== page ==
After ruling out several possibilities, the doctors informed Carl that he was in the early stages of Amyotrophic lateral sclerosis, commonly known as Lou Gehrig’s disease. The prognosis was not good. The cause of ALS was unknown, the doctor explained, but it was painless, non-contagious and cruel. The motor function of the central nervous system is destroyed but the mind remains fully aware to the end – or like my husband likes to say “A front row seat to your own demise.”

 

All we, the family, really knew about ALS was about Lou Gehrig who at 38 years old was forced to retire from baseball because he couldn’t run anymore. But that was 1941.

 

Our journey into ALS became one of seeking information. As Carl progressed through the symptoms – not being able to walk or talk, eat or swallow, we kept asking questions and seeking relief for this man who was so kind and gentle and needed our help.

 

My husband Charlie, sister-in-law Susan and my nephew Tony, deserve a lot of credit during this period. They were there by Carl’s side as he slowly declined. Whether reading stories to him from his favorite author, Louis L’Amour, or massaging his hands and legs so they wouldn’t atrophy, Charlie, Susan and Tony never left his side.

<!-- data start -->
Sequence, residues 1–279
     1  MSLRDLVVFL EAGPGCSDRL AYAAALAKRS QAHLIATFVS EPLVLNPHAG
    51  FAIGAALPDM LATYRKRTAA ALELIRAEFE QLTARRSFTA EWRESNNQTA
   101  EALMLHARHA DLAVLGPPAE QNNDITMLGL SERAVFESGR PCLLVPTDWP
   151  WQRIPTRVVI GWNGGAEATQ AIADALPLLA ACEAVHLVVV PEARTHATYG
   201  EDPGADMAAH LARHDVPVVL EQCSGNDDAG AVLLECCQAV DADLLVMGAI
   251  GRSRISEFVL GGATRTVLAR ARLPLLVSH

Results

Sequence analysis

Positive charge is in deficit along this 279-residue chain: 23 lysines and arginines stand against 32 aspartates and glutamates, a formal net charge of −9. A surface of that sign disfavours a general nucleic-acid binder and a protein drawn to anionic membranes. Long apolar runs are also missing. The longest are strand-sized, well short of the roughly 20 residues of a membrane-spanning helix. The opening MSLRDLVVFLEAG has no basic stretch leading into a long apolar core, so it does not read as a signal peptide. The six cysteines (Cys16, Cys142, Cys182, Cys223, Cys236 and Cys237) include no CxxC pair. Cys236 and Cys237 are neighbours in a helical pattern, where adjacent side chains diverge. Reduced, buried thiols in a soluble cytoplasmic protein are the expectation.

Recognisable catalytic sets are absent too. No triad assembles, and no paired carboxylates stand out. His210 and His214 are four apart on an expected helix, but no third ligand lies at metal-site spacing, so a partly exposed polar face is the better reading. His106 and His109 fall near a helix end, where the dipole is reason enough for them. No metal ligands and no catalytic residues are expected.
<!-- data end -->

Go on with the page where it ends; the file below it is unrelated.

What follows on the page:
Carl died in May 1989, just 8 months after receiving his initial diagnosis. As sad as it was to say goodbye, I was happy he didn’t suffer long. But I have some great memories of that period also. One in particular involved Game 1 of the World Series with the Dodgers playing the Oakland Athletics. Yup, we were there that night when the sick and injured Kirk Gibson stepped up to the plate at the bottom of the ninth as the Dodgers were trailing 4-3.

 

It is well known that many Dodger fans leave around the 7th inning. We were still there because it wasn’t easy for Carl to get around. When Gibson hit that home run, we watched the folks in the parking lot heading back into the stadium to see why we were all screaming. The Dodgers ending up winning that game and a World Series title and oh, how I loved to see the twinkle in Carl’s eye that night.

 

Through the years following Carl’s death, my husband’s family has spent a lot of time and money working with the ALS Association as they try to find a cure. It is a strange, horrible and unknown disease.

 

Ice Bucket Challenges have been around for years and usually it is to raise money for one charity or another. According to Wikipedia, social media put the face of ALS on the ice bucket when the Golf Channel Morning show televised and performed a live on-air challenge in June. Golfer Chris Kennedy challenged his cousin, whose husband had ALS. The cousin, Jeanette Senerchia of Pelham, NY, put her video on Facebook and the connection and challenges began.

 

I do worry that the seriousness of the disease is being overshadowed by the silliness of the bucket challenge but I’m happy to hear the ALS Association has received millions for research because of this Ice Bucket Challenge.

 

If ALS is to have a face, we now have millions.